Andrew Hozier-Byrne, better known as Hozier, released his highly anticipated third studio album called “Unreal, Unearth” on Aug. 18, 2023, four years after his last album.
Since the album came out, Hozier has made it abundantly clear that Unreal, Unearth was written with the inspiration of the 14th-century story of “The Divine Comedy, Inferno” as written by Dante Alighieri. This famous work proves to be an excellent choice to mirror the universal emotions people feel by giving them a lens to relate the music to themself.
Despite not wanting to focus specifically on the lockdown, Hozier used his experiences and framework of “The Divine Comedy, Inferno“ to produce an artistic portrayal of both timelessly universal emotions and those felt during the COVID-19 Pandemic. This choice was an exceptional one, which gave his newer songs even more of a connection to his listeners.
Overall, the songwriting on the album is extremely impressive. Between the use of the Irish language, allusions to Dante’s poems, as well as other aspects of mythology and folklore, Hozier created an impactful album.
The structure, albeit interesting, adds to the emotions of those wanting to dive deeper. It is not distracting from the actual content of the music and treads the line between telling a specific story and impressively developing relatability.
“It’s great because after I listen to the songs I can go back and do more research on all the folklore in it so I can know what they mean and relate them to what they mean to me,” OHS junior Nola Quinn said.
In addition to the unique structure, Hozier also decided to include the Irish language in his lyrics so he could include ideas lost in translation in his songs. Including tracks like “De Selby Part 1” and “To Someone From A Warm Climate (Uiscefhuaraithe)” he expertly uses the language to provoke feelings and ideas people experience, but cannot be described in such a widespread language.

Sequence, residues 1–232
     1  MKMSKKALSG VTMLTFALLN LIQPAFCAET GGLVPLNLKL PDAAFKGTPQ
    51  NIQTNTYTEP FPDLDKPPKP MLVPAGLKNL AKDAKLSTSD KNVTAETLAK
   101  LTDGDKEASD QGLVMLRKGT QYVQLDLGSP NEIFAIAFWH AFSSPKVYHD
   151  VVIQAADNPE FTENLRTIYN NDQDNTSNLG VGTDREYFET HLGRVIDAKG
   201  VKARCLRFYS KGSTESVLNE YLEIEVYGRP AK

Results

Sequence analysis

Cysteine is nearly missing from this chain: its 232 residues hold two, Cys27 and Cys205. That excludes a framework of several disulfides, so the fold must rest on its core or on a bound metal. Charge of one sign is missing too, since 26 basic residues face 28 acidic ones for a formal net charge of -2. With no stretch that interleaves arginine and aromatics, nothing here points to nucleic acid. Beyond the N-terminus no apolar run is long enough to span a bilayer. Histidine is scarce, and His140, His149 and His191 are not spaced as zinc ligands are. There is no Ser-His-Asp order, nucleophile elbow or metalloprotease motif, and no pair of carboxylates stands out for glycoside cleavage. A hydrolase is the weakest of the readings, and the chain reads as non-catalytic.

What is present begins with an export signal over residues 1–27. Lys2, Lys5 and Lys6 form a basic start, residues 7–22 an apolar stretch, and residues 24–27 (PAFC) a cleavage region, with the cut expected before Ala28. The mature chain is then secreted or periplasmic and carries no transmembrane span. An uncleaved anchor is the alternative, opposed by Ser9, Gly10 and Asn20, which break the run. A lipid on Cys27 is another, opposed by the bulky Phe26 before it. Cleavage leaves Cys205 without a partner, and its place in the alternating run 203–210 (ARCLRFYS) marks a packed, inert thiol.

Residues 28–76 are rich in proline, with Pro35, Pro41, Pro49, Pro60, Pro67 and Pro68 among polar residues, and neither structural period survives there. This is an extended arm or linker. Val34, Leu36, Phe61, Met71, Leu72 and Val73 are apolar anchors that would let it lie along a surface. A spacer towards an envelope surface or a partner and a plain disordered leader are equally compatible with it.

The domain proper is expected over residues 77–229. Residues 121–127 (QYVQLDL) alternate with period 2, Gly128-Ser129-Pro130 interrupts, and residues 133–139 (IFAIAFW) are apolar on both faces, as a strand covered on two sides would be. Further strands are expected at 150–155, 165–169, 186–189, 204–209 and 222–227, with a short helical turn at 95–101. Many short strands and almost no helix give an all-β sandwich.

A point of contention about this album is the stylistic differences between this new work and Hozier’s prior music. In the past, he has mainly approached his music either with a cozy folk-like or more dark rock feeling. However, this new album has some additions that provide a more pop-centric approach than previously taken.
While songs like “I, Carrion”, and “Unknown (Nth)” are a few that follow his normal style, others like “Damage Gets Done” and “First Time” are some that take on a much more pop-like sound. It took a bit of time for me to see past the change in style, but the songs on the album that follow the pop style are still lyrically impressive.
Stand-outs of the album include many of the singles on the tracklist, including “Francessca”, “Eat Your Young”, and “De Selby Part 2”. Other notable songs include “Unknown (Nth)”, “I, Carrion”, and “First Light”, although the others are just as enjoyable.
Regardless of prior knowledge about the album or stylistic differences, the songs are just as meaningful as before. Even at the surface level, Hozier is dealing with themes of love, loss, and change, things everyone can relate to, in a manner that is thoroughly impressive and enjoyable.
“He puts a lot of thought into the people he’s singing to, and a lot of people can relate to that because of how they feel in their relationships,” Quinn said.
Even if there are some songs I do not enjoy, or others I still need time to warm up to, this is truly an artistically sound and expressive album that conquered Hozier’s goal of universal resonance. Hopefully, this is another step in a long line of music that tells stories and portrays experiences like no other.